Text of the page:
Sunday, April 06, 2014

Jean Renoir: Nana (1926)

Jean Renoir's 1926 silent film Nana, based on Émile Zola's 1880 novel of the same name, takes place in the 1860s near the end of the the reign of Napoleon III. Nana has risen from a state of poverty to one of financial promise in the music hall, immediately (during a performance of The Blonde Venus) drawing a diverse set of men into her orbit. It's not long before all of them fall into "The Burning Ring of Fire," as the song goes. 

The key players in Nana are stellar, expressive in a way that silent films demand in order to hit their mark, particularly Catherine Hessling (Nana), Werner Krauss (Count Muffat) and Jean Angelo (Count de Vandeuvres).
Overall, Renoir's version of Nana is quite absorbing, which leads me to wonder about other stories of obsession that are also compelling. 

Do these endure because tales of awe-struck obsession are so human and recognizable through the centuries, or because these stories take things all the way to their conclusion, amped to the max, as it were?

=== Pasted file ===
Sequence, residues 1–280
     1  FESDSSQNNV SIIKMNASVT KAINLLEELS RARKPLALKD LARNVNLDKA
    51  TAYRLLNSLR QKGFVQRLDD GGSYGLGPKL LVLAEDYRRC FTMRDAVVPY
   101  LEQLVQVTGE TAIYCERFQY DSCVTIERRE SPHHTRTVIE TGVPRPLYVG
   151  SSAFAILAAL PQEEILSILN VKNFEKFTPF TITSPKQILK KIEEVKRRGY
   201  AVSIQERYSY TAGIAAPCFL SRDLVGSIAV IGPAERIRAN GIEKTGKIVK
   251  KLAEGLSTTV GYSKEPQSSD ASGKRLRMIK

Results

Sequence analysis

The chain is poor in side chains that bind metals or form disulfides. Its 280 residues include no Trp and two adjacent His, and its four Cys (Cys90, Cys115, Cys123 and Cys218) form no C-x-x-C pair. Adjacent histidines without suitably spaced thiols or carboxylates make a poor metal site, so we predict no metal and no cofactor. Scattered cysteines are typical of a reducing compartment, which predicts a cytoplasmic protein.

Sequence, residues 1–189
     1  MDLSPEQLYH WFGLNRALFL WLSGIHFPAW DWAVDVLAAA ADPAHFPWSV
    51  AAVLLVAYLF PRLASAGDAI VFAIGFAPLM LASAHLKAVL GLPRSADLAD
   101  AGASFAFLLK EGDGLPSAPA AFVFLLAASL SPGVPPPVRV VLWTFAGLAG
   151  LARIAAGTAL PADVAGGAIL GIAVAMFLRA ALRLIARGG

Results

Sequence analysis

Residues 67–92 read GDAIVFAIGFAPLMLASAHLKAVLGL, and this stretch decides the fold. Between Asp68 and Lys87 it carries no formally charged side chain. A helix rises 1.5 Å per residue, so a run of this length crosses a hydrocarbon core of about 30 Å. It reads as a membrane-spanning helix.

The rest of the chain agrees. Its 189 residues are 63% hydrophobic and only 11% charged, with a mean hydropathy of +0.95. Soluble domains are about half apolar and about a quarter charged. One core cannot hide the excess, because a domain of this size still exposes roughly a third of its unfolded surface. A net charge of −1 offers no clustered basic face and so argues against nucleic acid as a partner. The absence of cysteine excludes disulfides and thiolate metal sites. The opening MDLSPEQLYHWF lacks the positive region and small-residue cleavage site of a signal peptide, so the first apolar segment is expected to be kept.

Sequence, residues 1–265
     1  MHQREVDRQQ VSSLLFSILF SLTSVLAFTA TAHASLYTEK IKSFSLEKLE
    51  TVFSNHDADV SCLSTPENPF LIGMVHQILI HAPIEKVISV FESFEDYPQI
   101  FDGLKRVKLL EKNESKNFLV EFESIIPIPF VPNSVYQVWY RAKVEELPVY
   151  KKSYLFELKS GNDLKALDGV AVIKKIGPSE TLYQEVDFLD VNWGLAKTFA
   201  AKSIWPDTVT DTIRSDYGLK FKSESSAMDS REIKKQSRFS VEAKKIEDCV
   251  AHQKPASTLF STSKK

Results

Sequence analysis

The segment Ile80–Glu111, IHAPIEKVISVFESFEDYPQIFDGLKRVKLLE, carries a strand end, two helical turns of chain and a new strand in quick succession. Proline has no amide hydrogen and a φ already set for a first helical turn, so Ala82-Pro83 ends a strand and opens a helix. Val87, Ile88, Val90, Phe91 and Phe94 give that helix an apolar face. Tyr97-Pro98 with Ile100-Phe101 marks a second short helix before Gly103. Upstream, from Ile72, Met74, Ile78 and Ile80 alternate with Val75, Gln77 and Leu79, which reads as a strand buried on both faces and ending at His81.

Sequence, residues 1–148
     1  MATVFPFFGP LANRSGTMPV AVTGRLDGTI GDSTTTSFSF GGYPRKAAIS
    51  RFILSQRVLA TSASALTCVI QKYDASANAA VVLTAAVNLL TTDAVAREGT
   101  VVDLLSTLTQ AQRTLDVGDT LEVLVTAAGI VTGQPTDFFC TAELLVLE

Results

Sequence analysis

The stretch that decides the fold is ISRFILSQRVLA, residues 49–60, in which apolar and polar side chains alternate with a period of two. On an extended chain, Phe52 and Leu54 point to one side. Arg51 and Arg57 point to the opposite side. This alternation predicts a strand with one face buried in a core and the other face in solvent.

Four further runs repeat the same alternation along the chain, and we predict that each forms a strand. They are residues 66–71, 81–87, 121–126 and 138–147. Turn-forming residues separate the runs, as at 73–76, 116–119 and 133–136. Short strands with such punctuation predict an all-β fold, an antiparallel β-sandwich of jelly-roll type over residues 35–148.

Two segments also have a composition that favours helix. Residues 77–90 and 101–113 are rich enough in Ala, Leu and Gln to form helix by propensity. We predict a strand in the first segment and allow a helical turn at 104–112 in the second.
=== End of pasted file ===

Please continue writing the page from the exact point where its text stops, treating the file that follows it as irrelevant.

I'm sure you can think of others and will gladly share, but here are some other obsession stories that pop to mind:

The Iliad (Homer, not Simpson)
David and Bathsheba
Paul on the Road to Damascus
The Quest for the Holy Grail
Candide, ou l'Optimisme (Voltaire, 1759)
Moby-Dick; or, The Whale (Herman Melville, 1851) 
Carmen (Georges Bizet, 1875) 
Der Tod in Venedig / Death in Venice (Thomas Mann, 1912)
Un Amour de Swann /  Swann in Love (Marcel Proust, 1913) 
Zorba the Greek (Nikos Kazantzakis, 1946)
The Caine Mutiny (Herman Wouk, 1952)
Wise Blood (Flannery O'Connor, 1952)
The Blue Max (Jack D. Hunter, 1964)
Il buono, il brutto, il cattivo / The Good, the Bad and the Ugly (Sergio Leone, 1966)
Cross of Iron (Sam Peckinpah, 1977) 
Bill Maher and religion (ongoing)
True Detective (Nic Pizzolatto, HBO, 2014)
Joyce Carol Oates ("The three saddest words in the English language," Gore Vidal supposedly quipped).

Clearly, I'm obsessed, haha. What else you got out there?

Here's a little something by Jean Renoir's painterly father, Pierre-Auguste Renoir: Le Déjeuner des canotiers / Luncheon of the Boating Party (1881; original in The Phillips Collection, Washington, DC). See it in person, if you dare!

Today's Rune: Fertility. 


Erik Donald France said...

Another: Der blaue Engel / The Blue Angel (Josef von Sternberg, and Francine Prose did a novel inspired by it, Blue Angel).

Charles Gramlich said...

Did you hear that Peter Matthiessen died? I wondered if you had read him. I've talked about him on my blog a fair amount.

jodi said...

Erik-I think that my obsession with obsession is just my interest in the human condition. It's amazing how we can be so different yet so alike!